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Bake v. Life Insurance Company of North America


August 26, 2008


The opinion of the court was delivered by: Samuel Der-Yeghiayan United States District Court Judge



This matter is before the court on Defendant Life Insurance Company's ("LINA") motion for summary judgment. For the reasons stated below, we deny the motion for summary judgment.


Plaintiff Janice Bake ("Bake") alleges that she was employed by Corus Bank ("Corus") until June 2006, when she was forced to stop work due to a severe degenerative disease of the spine. After ceasing employment, Bake allegedly made a claim for long-term disability ("LTD") benefits under an employee benefits plan ("Benefits Plan"), which was administered under a group policy ("Group Policy"). LINA is allegedly the underwriter and insurer of the Benefits Plan. Bake states that she also applied for and was ultimately awarded Social Security disability benefits. In November 2006, LINA denied Bake's claim for LTD benefits. Bake allegedly submitted an administrative appeal and included medical evidence from her treating physicians in support. LINA allegedly denied the appeal, and Bake filed a second administrative appeal. LINA then allegedly denied the second appeal. Bake then brought the instant action seeking a review, pursuant to 29 U.S.C. § 1132 of the Employee Retirement Income Security Act of 1974, 29 U.S.C. § 1001 et seq. ("ERISA"), of LINA's decision to deny her claim for LTD benefits. On April 4, 2008, we denied LINA's motion for a protective order. In ruling on the motion, we held that the proper standard of review in this case is the de novo standard of review since the Group Policy did not contain discretionary language for the administrator's decisions. LINA now moves for summary judgment.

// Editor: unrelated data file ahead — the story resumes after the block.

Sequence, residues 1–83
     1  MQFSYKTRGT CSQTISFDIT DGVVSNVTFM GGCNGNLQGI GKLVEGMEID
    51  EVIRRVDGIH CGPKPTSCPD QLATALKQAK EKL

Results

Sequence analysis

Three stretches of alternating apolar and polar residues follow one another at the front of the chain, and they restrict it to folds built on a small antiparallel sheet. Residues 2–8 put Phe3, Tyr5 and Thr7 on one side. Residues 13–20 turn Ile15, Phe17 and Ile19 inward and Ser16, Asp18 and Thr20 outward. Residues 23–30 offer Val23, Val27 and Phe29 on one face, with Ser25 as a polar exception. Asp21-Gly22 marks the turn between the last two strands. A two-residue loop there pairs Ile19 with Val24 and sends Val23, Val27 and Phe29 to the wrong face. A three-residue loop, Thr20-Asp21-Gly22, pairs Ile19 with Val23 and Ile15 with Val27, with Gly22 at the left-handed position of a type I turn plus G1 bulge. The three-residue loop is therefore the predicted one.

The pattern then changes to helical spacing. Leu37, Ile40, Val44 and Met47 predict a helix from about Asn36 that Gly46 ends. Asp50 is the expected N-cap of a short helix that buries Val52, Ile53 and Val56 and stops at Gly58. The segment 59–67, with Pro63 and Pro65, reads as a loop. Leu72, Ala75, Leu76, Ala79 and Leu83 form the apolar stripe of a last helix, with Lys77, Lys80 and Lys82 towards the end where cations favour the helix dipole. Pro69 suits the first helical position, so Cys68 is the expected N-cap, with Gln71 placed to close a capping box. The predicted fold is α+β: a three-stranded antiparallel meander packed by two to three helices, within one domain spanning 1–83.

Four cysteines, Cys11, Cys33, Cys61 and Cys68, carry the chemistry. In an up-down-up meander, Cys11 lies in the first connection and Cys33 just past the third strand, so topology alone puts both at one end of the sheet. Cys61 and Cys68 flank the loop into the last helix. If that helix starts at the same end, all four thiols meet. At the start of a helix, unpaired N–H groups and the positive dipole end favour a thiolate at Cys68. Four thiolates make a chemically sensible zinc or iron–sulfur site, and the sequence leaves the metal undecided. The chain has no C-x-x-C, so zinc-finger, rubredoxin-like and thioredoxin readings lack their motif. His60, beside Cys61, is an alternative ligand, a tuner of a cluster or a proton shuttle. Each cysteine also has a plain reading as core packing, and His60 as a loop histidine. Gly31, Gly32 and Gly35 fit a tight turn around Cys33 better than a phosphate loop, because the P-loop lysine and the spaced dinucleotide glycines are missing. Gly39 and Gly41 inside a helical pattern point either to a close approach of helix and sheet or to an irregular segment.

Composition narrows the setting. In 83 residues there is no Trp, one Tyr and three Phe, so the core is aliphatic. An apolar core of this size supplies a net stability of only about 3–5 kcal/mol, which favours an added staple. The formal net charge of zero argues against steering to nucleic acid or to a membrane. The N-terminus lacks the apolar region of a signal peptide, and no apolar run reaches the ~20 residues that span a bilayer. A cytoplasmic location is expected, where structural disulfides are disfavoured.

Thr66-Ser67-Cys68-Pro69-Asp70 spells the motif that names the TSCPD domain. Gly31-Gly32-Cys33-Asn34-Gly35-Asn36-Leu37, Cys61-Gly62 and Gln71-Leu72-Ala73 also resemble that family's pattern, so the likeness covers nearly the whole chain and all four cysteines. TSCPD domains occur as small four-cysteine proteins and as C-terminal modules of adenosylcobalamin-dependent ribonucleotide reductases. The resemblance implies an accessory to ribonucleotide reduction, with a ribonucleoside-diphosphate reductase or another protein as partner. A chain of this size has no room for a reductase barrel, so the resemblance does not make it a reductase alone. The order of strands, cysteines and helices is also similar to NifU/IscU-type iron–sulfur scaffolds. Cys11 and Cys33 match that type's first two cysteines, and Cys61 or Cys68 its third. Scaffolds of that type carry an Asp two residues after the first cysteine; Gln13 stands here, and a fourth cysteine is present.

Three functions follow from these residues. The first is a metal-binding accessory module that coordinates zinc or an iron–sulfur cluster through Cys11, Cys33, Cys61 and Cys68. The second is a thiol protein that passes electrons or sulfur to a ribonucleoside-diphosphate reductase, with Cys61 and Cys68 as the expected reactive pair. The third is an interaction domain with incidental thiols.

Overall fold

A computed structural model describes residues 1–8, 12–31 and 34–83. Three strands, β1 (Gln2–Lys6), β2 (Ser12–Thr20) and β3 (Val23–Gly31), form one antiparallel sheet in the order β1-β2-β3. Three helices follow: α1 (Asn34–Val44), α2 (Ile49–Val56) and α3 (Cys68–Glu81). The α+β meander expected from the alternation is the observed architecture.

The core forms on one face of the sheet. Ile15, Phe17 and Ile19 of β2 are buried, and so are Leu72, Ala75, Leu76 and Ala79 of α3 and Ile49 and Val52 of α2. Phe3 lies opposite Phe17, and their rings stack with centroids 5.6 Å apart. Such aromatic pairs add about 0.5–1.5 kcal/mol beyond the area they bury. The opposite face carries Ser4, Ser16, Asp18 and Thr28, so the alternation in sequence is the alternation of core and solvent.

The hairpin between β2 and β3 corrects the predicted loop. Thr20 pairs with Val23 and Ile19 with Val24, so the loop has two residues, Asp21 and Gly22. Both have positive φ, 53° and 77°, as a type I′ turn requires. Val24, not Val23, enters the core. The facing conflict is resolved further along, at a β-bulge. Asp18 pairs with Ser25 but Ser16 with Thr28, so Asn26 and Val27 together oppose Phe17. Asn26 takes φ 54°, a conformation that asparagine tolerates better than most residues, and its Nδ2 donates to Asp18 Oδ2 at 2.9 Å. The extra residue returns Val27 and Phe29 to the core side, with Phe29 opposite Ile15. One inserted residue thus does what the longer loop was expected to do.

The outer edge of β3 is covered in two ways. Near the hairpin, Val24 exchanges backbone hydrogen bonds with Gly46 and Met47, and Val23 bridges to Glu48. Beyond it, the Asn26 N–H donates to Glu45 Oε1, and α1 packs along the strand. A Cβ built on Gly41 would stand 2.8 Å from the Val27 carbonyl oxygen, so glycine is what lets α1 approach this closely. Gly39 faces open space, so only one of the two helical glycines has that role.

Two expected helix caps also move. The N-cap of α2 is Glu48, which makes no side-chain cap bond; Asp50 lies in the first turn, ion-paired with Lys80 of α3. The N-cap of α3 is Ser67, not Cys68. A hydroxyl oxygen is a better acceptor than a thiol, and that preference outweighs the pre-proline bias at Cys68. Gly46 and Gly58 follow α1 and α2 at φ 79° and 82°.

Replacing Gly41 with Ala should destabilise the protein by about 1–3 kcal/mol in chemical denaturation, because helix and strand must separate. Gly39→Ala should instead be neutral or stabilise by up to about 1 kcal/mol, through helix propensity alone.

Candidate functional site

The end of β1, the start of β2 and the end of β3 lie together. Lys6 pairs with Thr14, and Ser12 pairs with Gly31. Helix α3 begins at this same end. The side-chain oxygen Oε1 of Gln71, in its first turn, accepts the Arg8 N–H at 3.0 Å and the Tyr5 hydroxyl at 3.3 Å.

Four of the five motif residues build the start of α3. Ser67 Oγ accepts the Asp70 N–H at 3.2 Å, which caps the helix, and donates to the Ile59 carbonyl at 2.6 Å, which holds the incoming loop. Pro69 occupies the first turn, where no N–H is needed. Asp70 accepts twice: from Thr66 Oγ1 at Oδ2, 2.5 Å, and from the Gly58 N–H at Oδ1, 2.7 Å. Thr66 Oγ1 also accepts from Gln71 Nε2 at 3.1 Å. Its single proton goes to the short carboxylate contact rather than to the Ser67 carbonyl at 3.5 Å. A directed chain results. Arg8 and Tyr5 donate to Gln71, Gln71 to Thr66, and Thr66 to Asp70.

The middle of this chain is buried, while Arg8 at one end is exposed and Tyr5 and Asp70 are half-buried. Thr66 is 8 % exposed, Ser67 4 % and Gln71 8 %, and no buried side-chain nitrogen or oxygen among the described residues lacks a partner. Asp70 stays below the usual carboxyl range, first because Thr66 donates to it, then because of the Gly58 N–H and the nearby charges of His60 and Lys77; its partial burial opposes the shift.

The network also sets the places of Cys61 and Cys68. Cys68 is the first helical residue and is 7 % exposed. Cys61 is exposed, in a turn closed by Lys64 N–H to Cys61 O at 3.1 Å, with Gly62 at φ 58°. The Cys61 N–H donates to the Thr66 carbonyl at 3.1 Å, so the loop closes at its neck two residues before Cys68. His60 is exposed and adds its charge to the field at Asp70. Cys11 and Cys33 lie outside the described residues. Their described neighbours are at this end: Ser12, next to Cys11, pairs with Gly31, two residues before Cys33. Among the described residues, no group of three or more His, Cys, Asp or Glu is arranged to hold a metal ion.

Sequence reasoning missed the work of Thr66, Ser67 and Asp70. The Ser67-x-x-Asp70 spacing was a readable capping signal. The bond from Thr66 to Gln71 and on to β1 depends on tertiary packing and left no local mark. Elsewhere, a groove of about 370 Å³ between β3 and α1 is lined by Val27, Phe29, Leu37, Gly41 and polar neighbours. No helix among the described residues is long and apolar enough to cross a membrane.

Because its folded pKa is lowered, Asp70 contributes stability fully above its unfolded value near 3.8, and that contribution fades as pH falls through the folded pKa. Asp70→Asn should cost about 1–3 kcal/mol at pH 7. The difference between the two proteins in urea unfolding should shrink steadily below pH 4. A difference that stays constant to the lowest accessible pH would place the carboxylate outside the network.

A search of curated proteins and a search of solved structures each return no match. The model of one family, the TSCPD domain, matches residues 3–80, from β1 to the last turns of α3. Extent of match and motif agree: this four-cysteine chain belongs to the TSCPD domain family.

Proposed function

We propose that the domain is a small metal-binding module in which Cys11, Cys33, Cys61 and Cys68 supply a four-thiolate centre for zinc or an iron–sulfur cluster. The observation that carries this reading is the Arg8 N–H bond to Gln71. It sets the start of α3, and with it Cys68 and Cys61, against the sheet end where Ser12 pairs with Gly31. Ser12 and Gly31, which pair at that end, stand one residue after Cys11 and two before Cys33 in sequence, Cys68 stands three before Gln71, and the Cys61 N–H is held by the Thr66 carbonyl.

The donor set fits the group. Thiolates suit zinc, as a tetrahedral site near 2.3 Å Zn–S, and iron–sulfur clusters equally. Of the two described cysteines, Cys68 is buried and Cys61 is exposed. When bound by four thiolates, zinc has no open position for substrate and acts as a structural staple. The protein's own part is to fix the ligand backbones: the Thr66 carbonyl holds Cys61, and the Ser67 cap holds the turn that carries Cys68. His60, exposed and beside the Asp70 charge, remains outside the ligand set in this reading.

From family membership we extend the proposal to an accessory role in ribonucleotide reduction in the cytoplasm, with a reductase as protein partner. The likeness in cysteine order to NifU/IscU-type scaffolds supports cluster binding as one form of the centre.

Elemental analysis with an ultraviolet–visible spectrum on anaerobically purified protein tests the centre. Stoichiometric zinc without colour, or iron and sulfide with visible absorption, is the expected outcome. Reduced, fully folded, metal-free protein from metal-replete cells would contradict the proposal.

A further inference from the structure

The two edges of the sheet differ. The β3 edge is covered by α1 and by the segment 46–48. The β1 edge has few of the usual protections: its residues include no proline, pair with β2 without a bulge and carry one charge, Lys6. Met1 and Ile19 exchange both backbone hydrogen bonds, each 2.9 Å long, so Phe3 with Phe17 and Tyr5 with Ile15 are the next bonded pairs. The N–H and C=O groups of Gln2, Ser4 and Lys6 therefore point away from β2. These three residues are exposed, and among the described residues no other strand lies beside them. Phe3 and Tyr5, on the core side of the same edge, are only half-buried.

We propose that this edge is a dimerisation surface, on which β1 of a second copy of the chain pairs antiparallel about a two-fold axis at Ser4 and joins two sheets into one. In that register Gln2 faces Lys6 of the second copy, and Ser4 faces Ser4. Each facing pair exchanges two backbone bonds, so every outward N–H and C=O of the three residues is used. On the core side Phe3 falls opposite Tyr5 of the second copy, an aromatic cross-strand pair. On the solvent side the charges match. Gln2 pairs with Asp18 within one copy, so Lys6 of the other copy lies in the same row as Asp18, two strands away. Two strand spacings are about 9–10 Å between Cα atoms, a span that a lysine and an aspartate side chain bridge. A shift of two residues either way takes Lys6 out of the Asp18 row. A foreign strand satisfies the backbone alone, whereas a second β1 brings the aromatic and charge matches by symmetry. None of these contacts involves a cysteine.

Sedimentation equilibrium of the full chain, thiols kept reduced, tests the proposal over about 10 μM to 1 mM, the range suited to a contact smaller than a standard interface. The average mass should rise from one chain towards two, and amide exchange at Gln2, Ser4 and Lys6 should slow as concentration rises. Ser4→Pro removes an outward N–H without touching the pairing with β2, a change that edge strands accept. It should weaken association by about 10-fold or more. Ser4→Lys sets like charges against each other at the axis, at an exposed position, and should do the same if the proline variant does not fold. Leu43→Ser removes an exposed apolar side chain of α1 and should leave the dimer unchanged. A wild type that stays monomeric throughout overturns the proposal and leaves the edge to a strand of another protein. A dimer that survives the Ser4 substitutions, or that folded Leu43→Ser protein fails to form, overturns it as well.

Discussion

Summary judgment is appropriate when the record, viewed in the light most favorable to the non-moving party, reveals that there is no genuine issue as to any material fact and the moving party is entitled to judgment as a matter of law. Fed. R. Civ. P. 56(c). In seeking a grant of summary judgment, the moving party must identify "those portions of 'the pleadings, depositions, answers to interrogatories, and admissions on file, together with the affidavits, if any,' which it believes demonstrate the absence of a genuine issue of material fact." Celotex Corp. v. Catrett, 477 U.S. 317, 323 (1986)(quoting Fed. R. Civ. P. 56(c)). This initial burden may be satisfied by presenting specific evidence on a particular issue or by pointing out "an absence of evidence to support the non-moving party's case." Id. at 325. Once the movant has met this burden, the non-moving party cannot simply rest on the allegations in the pleadings, but, "by affidavits or as otherwise provided for in [Rule 56], must set forth specific facts showing that there is a genuine issue for trial." Fed. R. Civ. P. 56(e). A "genuine issue" in the context of a motion for summary judgment is not simply a "metaphysical doubt as to the material facts." Matsushita Elec. Indus. Co., Ltd. v. Zenith Radio Corp., 475 U.S. 574, 586 (1986). Rather, a genuine issue of material fact exists when "the evidence is such that a reasonable jury could return a verdict for the nonmoving party." Anderson v. Liberty Lobby, Inc., 477 U.S. 242, 248 (1986); Insolia v. Philip Morris, Inc., 216 F.3d 596, 599 (7th Cir. 2000). The court must consider the record as a whole, in a light most favorable to the non-moving party, and draw all reasonable inferences that favor the non-moving party. Anderson, 477 U.S. at 255; Bay v. Cassens Transport Co., 212 F.3d 969, 972 (7th Cir. 2000).